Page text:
I hope to do the first post in the next few days and try to continue weekly from there (though I can barely say that with a straight face). I have enough material to do this for a while.  Just looking around on YouTube I found several film clips by duos or groups I didn't dream had ever been filmed.  If you read any of these posts hopefully you'll hear something that will give you a sense of the great variety in this music and make you want to seek out more..

And just as a sample, here's a 1989 clip from a Vienna concert of two people I should be returning to down the line, pianist Carla Bley and bassist Steve Swallow doing Bley's composition, "Sing Me Softly Of The Blues":

Wednesday, November 13, 2013


The First Goodbye: Penn Badgley as Jeff Buckley

With some musical biographies, what you get out of them can depend on your familiarity with the people being discussed.  For example I thoroughly enjoyed Control, the film about Ian Curtis, the lead singer of Joy Division, and 24 Hour Party People, the story of that band's label, Factory Records, and its owner, Tony Wilson, though I can understand that they both might seem impenetrable to someone who wasn't that conversant with British post-punk. Similarly I loved the film Greetings From Tim Buckley but I understand where it might lose people who don't know anything about the careers of its subjects.  It helps if you know something about the lives of Tim and Jeff Buckley but even if you don't this is still a moving story about a young man trying to come out from the shadow of a famous deceased father and make it as his own man.

Tim Buckley was a wildly talented singer-songwriter of the 1960's with a multi-octave vocal range who started out as a folksinger but played around with psychedelia, jazz, avant-garde improvisation and rock and roll before his premature death in 1975 at the age of 27 from a drug overdose.  This film, however, is about his son, Jeff, who took up music himself and it chronicles what happened when he went to New York in 1991 to take part in a tribute concert to his father.

As the movie tells it, as soon as Jeff walks into the concert space, St. Ann's Church in Brooklyn, for his first rehearsal, everyone is astonished by his physical resemblance to Tim, something Jeff doesn't care to hear about.  He's still very resentful of the fact that his father spent most of his childhood touring in the company of various girlfriends while he and his mother sat home in California and that he saw Tim very few times before his death.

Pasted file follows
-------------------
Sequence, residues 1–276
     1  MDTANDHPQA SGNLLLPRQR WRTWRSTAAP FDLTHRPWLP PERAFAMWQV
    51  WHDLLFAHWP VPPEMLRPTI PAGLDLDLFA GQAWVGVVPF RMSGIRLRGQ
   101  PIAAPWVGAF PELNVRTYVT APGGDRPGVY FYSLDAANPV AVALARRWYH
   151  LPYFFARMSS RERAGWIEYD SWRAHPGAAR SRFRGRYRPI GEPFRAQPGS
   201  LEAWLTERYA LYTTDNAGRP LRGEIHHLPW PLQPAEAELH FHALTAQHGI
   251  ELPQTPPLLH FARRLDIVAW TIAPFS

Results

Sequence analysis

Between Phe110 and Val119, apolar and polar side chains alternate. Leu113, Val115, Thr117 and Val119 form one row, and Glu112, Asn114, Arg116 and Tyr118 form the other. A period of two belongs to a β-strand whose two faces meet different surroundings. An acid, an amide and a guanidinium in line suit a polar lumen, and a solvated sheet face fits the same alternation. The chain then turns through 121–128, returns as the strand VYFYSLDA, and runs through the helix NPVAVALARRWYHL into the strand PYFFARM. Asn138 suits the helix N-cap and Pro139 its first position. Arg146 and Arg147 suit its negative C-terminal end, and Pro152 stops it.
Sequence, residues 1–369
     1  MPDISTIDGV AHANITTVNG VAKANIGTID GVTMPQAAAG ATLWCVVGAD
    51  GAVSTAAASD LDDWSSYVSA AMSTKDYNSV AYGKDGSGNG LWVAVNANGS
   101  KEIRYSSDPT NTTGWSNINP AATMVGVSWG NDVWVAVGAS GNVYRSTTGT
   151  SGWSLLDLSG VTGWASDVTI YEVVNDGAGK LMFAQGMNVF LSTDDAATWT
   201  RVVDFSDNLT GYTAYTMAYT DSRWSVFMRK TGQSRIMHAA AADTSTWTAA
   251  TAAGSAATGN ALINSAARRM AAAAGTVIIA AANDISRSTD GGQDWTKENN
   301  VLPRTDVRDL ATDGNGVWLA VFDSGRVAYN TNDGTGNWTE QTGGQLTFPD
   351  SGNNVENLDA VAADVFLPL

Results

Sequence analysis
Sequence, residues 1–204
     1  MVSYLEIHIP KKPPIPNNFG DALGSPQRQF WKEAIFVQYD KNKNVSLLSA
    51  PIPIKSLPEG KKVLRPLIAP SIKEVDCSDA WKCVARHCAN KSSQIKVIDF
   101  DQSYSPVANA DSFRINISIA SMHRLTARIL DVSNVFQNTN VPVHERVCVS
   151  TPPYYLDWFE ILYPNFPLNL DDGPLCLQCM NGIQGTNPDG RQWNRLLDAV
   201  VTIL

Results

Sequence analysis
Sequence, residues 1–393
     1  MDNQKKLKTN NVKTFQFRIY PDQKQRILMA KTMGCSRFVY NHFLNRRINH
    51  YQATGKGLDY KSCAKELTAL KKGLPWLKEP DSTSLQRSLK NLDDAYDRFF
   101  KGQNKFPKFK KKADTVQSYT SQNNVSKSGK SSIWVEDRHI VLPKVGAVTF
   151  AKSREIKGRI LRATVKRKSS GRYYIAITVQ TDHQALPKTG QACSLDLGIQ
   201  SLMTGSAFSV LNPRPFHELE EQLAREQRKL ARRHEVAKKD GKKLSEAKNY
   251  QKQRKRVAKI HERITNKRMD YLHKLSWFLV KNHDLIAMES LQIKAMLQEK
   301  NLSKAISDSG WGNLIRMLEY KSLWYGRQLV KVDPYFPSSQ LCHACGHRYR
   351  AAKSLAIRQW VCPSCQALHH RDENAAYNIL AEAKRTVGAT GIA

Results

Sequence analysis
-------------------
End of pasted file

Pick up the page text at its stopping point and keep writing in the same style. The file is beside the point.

This has the potential to come out as rote sub-James Dean "hurt man-child" stuff but this film runs deeper. Penn Badgley, who plays Jeff, has a scary physical resemblance to him and does the role with a mixture of charm, anger and hurt that is touching.  It also helps that Badgley's singing voice comes damn close to Jeff Buckley's actual otherworldly wail. There is one scene in a record store where he sings everything from "The Twelfth Of Never" to T. Rex and Led Zeppelin while flipping through albums that will floor you even if you've never heard Jeff Buckley in your life. His scenes are contrasted with brief flashbacks of Tim himself, played by Ben Rosenfeld, doing shows in New York, hanging out with his band and girlfriend while his wife sits home 3000 miles away pregnant. The real Tim and Jeff Buckley did have a strong physical resemblance and that holds true for Badgely and Rosenfeld who have a noticeable similarity in their movements and manners. You see that Jeff is chanelling his father even when he tries to declare his independence from him.

Jeff finds some solace in the company of Allie, a young woman working on the concert, played by Imogen Poots,   Their scenes together feel playful and fresh, with romantic longings taking a back seat to the sight of two lonely kids reaching out for friendship.  The movie climaxes with the concert itself, where Jeff, after cringing at the mention of his father's name throughout the film, sucks it up, goes on stage and blows everyone away singing his father's "I Never Asked To Be Your Mountain", "Phantasmagoria In Two" and "Once I Was" in a glorious voice, coming into the full flowering of his talent. The film ends with Jeff saying goodbye to Allie after the concert and leaving New York, a very poignant moment if you know what lies ahead of him.

In real life. Jeff's performance caught the music industry's attention and two years later, he recorded the album Grace which eventually became a big hit. Sadly his life paralleled his father's to the end.  In 1997, he too died at an ungodly young age, accidentally drowning in the Mississippi River.

The film, directed by Daniel Algrant, is told with measured pacing and subdued colors but it is suffused with music. Tim Buckley's recordings are all over the soundtrack but the scenes after the concert switch to one of Jeff's recordings "Lilac Wine", signalling that he's laid his father's ghost to rest.  Various musical figures like the concert producer; Hal Willner and Tim's old guitarist, Lee Underwood, are played by actors but there is an appearance from a real figure in this story, guitarist Gary Lucas who became Jeff's bandmate after he moved to New York. There's a nice scene of he and Badgley playing each other guitar riffs in his apartment. Lucas playing figures that I think eventually turned up as some of the songs on Grace.

There is a moving story about a son making peace with his father's memory here. It's a shame that lack of general familiarly about the Buckley's work will probably keep many people from seeing it. Greetings From Tim Buckley is a movie worth seeing and if it leads you to check out either father's or son's music, so much the better.